Today is the Optional Memorial of Saint Bridget of Sweden, Religious (died 1373), and we note that today is the birthday of my Internet friend Mike in Arkansas, who is married to my Internet friend Rosa (1971).
Born in 1302 or 1303 in Finsta Castle, Uppsala, Sweden, the father of today’s Saint was one of the greatest landowners in the country, her mother was known widely for her piety, and the family were descendants of the Swedish royal house. Bridget began receiving visions, mostly of the Crucifixion, at age seven. Her mother died c. 1315 when the girl was about twelve years old, and she was raised and educated by an equally pious aunt. In 1316, at age thirteen, Bridget wed Prince Ulfo of Nercia in an arranged marriage. She was the mother of eight, including Saint Catherine of Sweden; some of the other children ignored the Church. She was a friend and counselor to many priests and theologians of her day. In 1335 she became chief lady-in-waiting to Queen Blanche of Namur, from which position she counseled and guided the Queen and King Magnus II. After Ulfo’s death in 1344 following a pilgrimage to Santiago de Compostela, Spain, she pursued a religious life, for which she was harassed by others at the court. She eventually renounced her title of princess. A mystic, visionary, and mystical writer, she recorded the revelations given her in her visions, and these became hugely popular in the Middle Ages. She founded the Order of the Most Holy Savior (Bridgettines) at Vadstena, Sweden in 1346. It received confirmation by Pope Blessed Urban V in 1370, and survives today, though few houses remain. As a pilgrim to Rome, and to assorted Italian holy sites, and to the Holy Lands, she chastened and counseled kings and Popes Clement VI, Gregory XI, and Urban VI, urging each to return to Rome from Avignon, and encouraged all who would listen to meditate on the Passion of Jesus Crucified. With Saint Catherine of Siena and Saint Teresa Benedicta of the Cross, she is a Patron Saint of Europe; in her own right, she is the Patron Saint of Sweden and of widows. And today is the birthday of my Internet friend Mike in Arkansas, who is married to my Internet friend Rosa (1971).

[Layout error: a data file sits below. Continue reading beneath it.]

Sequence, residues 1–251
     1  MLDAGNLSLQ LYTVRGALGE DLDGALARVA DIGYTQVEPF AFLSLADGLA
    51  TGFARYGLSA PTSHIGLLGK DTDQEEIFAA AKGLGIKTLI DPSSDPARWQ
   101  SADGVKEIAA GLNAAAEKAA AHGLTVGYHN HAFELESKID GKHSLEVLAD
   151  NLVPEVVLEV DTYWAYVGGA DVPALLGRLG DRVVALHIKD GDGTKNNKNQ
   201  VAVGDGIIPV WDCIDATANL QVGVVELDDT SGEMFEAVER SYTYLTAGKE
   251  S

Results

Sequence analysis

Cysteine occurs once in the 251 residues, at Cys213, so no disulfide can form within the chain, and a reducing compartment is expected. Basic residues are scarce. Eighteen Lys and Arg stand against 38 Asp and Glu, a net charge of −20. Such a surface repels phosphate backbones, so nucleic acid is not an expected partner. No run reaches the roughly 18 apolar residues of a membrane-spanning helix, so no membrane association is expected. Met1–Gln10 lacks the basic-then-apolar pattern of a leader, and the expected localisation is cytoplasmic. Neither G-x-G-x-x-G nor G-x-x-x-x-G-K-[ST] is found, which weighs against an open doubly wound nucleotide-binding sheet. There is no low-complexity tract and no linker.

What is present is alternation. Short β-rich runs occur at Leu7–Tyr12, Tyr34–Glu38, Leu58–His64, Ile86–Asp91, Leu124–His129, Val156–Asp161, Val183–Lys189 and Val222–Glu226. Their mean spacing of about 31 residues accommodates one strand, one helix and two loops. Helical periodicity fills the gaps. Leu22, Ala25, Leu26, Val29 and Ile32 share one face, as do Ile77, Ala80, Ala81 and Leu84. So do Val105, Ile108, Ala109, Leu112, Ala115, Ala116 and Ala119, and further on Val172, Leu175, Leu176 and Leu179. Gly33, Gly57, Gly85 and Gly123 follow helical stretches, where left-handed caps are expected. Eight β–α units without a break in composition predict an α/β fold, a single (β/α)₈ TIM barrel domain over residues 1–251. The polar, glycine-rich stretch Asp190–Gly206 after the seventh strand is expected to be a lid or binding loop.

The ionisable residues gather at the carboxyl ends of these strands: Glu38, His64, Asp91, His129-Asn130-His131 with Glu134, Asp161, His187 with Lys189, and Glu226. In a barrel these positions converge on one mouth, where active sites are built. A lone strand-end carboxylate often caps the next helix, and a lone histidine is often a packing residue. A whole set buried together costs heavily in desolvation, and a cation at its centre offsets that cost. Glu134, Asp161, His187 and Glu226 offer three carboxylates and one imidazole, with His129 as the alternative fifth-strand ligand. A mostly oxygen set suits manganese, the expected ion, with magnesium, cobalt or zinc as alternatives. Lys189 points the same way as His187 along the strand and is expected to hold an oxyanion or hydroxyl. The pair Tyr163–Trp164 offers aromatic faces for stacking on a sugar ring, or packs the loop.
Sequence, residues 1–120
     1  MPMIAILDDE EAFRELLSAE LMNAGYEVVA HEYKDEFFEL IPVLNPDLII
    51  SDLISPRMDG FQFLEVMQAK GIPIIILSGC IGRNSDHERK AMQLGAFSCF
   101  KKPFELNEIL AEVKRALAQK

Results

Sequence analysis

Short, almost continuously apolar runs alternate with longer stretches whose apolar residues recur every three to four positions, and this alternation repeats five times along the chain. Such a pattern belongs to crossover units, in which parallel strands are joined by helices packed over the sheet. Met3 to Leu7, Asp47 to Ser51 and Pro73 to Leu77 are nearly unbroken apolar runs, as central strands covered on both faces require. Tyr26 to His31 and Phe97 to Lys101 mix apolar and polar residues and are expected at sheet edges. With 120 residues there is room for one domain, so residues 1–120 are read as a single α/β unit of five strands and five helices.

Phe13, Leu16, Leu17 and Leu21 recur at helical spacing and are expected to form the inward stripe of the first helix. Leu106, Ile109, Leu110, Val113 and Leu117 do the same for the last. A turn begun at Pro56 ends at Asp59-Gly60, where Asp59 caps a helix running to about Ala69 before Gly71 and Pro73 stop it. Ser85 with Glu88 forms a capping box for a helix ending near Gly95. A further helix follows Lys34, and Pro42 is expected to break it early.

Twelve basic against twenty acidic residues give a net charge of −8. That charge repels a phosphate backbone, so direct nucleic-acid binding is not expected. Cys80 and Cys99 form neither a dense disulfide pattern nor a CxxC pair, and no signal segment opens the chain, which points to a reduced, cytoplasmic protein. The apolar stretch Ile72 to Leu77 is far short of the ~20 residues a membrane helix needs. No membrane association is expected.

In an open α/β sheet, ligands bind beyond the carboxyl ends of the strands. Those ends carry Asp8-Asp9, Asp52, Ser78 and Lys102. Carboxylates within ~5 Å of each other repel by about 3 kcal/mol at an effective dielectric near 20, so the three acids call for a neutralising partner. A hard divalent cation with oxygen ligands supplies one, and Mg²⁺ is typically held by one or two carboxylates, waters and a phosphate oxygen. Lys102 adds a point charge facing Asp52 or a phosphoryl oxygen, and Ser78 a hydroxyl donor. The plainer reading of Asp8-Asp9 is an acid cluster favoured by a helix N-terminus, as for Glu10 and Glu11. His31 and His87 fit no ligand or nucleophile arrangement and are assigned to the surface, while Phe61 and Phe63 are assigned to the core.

Last night I continued reading 1493: Uncovering The New World Columbus Created by Charles C. Mann.
I woke up at 9:00 am, and missed a call from Nedra, which went to voicemail (she was just saying hello). I did my Bathroom Devotional Reading and started my laundry, then ate my breakfast toast while doing my Internet Devotional Reading. I then started working on Advance Daily Update Drafts. I also got the Email that our schedules for the week beginning August 3rd, 2015 had been posted; so I got our schedules, and the scheduler has me working on Monday, August 3rd and Tuesday, August 4th (more anon). Richard wheeled our trash bin out to the curb, and left at about 11:30 am to go into town. While he was out and about, he purchased the sewer tree root crystals from the hardware store, purchased my Powerball and Louisiana Lotto lottery tickets for Saturday night’s drawing, got groceries and my salad supplies at Wal-Mart, and got crawfish pies for me for my lunch. He also picked up an Acadiana Advocate at some point; ours was not delivered this morning. When he got home at about 12:30 pm, I took a break from the computer and ate crawfish pies while reading the Thursday papers. I then continued working on Advance Daily Update Drafts, getting them done through next Friday. (Between now and Friday of next week, I will do Advance Daily Update Drafts through August 6th, so that I will have my Advance Daily Update Drafts done covering the time I am in Tennessee the week after next.) I then finished my laundry, ironed my casino pants, apron, and shirts, and made my lunch salads for tomorrow and Sunday. I then watched Jeopardy!; while doing so, I found that the annual Mass of Petition for Charlene Richard will be on Friday, August 7th, 2015 at 7:00 pm at St. Edward Church in Richard, with the Rosary at 5:30 pm. I am now finishing up my Daily Update for today while eating my dinner (cooked by Richard; thank you, Richard) of grilled pork steak and steamed whole brussels sprouts. When I finish with my dinner and with the computer, I will give Nedra a call, then I might do some reading before going to sleep. And at 11:05 pm the First Quarter Moon will arrive.